Bio / Text:
S/L Ernest Derek Glaser, usually called Dave, died in 2001. It is re-printed here in order to act as a second digital copy;
SQUADRON LEADER DAVE GLASER, who has died aged 80, was an RAF pilot mistakenly shot down off Plymouth, Devon, by a British warship during the Battle of Britain.
Struggling to free himself from his parachute, which had enveloped his head, Glaser had all but given up hope when the chute floated away and he was rescued. Aged 19, Glaser had joined No 65 Squadron at Hornchurch on July 13 1940, just three days after the date regarded as the beginning of the Battle of Britain, which raged overhead until October 31, when the RAF's supremacy ended the threat of German invasion.
Ernest Derek Glaser, always known as Dave, was born on April 20 1921. In the First World War his father had been a pilot in the Royal Flying Corps. After attending Lancing House and Bloxham schools young Dave was accepted, in April 1939, for flying training in the Royal Air Force Volunteer Reserve.
Glaser had been inspired to become a pilot some years earlier after meeting Jeffrey Quill who, in 1936, as a Supermarine test pilot, had flown R J Mitchell's Spitfire prototype and earliest production aircraft. Quill had been a frequent visitor to The Bugle, Glaser's father's pub on the Hamble in Hampshire.
In 1940, Quill was temporarily attached to No 65 Squadron for - as he put it - "a spot of practical" in order to recommend modifications in the light of combat experience. Glaser was delighted, on his arrival, to find himself flying No 2 to his boyhood hero.
Glaser soon had examples of combat himself. On August 12 he was preparing to take off from Manston when a formation of low-flying Dornier 17s attacked the airfield at low level, damaging hangars and cratering the flight-path. Glaser recalled: "Everybody just opened up their throttles and went hell for leather."
Awaiting the scramble bell during the Battle of Britain Glaser had occupied himself by fashioning a lucky talisman representing The Laughing Cavalier. Glaser reckoned that, together with a cavalier which he had had painted on his Spitfire (in an example of what was known as nose art), it helped to see him through the war.
In this period he was promoted flight lieutenant and was serving as a No 234 Squadron flight commander when he was shot down into the Channel off Plymouth in Devon. Vowing to be more circumspect in the vicinity of the Royal Navy, Glaser resumed operations with Group Captain (subsequently Air Chief Marshal Sir Harry) Broadhurst's Spitfire wing based at Hornchurch, Essex, but frequently operated from Manston, the Kent coastal airfield, and other south-east England No 11 Group airfields.
Following the Battle of Britain, in 1941 Glaser became an instructor at No 53 Operational Training Unit until August, when he joined No 234, a Spitfire squadron carrying out offensive sweeps over northern France. In 1943, Glaser was posted to Australia to form and command No 549, a Spitfire squadron stationed at Darwin in the Northern Territory.
In the New Year of 1945 he received command of No 548, a Spitfire squadron similarly charged with defending Darwin against Japanese air attack. After two years he returned home, was granted a permanent commission and posted to Linton-on-Ouse, Yorkshire. There he was flight commander of No 64, a half-strength Hornet fighter squadron.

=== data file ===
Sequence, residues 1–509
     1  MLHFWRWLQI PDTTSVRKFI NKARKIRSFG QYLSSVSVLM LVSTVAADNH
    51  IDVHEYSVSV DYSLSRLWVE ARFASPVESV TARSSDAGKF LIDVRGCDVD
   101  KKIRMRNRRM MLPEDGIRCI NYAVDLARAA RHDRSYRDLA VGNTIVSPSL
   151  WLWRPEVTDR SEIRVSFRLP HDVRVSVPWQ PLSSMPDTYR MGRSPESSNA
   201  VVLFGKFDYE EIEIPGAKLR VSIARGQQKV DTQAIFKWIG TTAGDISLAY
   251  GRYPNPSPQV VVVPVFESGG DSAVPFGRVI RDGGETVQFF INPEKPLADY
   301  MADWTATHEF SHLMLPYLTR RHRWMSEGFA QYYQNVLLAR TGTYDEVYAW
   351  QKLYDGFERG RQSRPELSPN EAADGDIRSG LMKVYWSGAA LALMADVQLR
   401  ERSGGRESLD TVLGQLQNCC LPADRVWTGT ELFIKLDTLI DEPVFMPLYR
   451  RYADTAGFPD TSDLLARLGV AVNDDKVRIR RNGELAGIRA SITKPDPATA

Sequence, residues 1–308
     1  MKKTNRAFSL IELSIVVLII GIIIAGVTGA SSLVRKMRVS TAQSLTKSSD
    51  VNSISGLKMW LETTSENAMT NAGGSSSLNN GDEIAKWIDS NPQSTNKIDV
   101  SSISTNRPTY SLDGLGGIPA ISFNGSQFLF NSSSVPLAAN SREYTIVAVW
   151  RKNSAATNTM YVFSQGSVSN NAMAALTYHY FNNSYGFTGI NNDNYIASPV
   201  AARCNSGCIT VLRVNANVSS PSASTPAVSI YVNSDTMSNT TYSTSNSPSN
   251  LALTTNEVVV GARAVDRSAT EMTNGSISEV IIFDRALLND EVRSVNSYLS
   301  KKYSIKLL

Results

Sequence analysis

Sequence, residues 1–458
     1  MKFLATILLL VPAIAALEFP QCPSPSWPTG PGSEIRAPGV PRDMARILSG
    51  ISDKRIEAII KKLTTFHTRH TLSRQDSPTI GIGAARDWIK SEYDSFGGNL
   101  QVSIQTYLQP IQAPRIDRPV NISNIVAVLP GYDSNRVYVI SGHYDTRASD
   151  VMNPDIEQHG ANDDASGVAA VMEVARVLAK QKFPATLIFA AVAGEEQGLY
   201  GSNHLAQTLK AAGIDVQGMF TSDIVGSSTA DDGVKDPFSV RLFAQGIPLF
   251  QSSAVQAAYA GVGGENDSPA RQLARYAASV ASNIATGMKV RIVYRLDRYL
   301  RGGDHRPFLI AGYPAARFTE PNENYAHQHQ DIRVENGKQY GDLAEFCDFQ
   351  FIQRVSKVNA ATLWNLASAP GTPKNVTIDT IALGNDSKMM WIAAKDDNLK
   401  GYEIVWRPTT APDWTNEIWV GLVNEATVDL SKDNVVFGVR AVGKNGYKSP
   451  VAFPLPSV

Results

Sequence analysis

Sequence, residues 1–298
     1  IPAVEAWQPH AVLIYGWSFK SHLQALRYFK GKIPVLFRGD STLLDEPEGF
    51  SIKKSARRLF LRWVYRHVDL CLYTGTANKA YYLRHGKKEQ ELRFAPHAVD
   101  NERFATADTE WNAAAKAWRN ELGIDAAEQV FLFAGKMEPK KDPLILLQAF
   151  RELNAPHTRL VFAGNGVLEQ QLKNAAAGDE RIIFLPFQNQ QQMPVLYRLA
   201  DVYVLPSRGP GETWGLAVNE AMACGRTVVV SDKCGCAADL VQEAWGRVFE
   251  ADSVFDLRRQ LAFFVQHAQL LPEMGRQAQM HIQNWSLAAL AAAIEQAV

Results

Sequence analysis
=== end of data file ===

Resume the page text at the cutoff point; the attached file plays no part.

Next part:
Glaser was delighted in 1949 when he was selected to qualify as a test pilot, again following his hero Jeffrey Quill. Glaser attended No 8 Course at the Empire Test Pilots' School, then situated at Farnborough, Hants (and now based at Boscombe Down, Wiltshire).
In 1950, Glaser was employed as an RAF experimental test pilot at the Royal Aircraft Establishment, Farnborough, until 1953, when he joined Vickers Armstrong at Hurn, Bournemouth, Hants. Becoming chief production test pilot, Glaser was involved with the Varsity. This was a post-war replacement for the trainer version of the two-engine Wellington bomber. He also tested the world's first turbine-powered four-engine airliner, Sir George Edwards's Viscount - a plane then described as "a jump into the future".
But his chief contribution was his exhaustive production testing of the Valiant, the first of the RAF's four-jet bombers, which preceded the Vulcan and Victor in Britain's V-bomber nuclear force. Glaser was also involved with the BAC 1-11s, one of Britain's best selling airliners. When, in 1963, he first flew the jet, he handled it like a Spitfire and was apt to fly over Hurn airfield so low that onlookers were put in mind of a Flymo.
In 1979 Glaser was appointed flight operations manager and test pilot instructor of Rombac, an arrangement under which BAC 1-11s were built under licence in Romania, where his robust airmanship was much admired his pupils. Glaser retired in 1983 from British Aerospace - as Vickers, BAC and other merged aircraft manufacturers had become - and worked as an aviation consultant, while deriving much pleasure from sailing.
He was also invited to join a roadshow of British, American and German Second World War pilots, which toured American theatres under the billing A Gathering of Eagles. Glaser received the DFC in 1942 and Air Efficiency award in 1946. He was awarded Queen's Commendations for Valuable Service in the Air in 1953 for military, and in 1968 for civil, test flying.
Glaser married, first, in 1949, Coral Gillie, an Australian. They had a son and a daughter. He married, second, in 1965, Diana Stewart-Smith, and, third, in 1985, Rodica Ghita, a Romanian.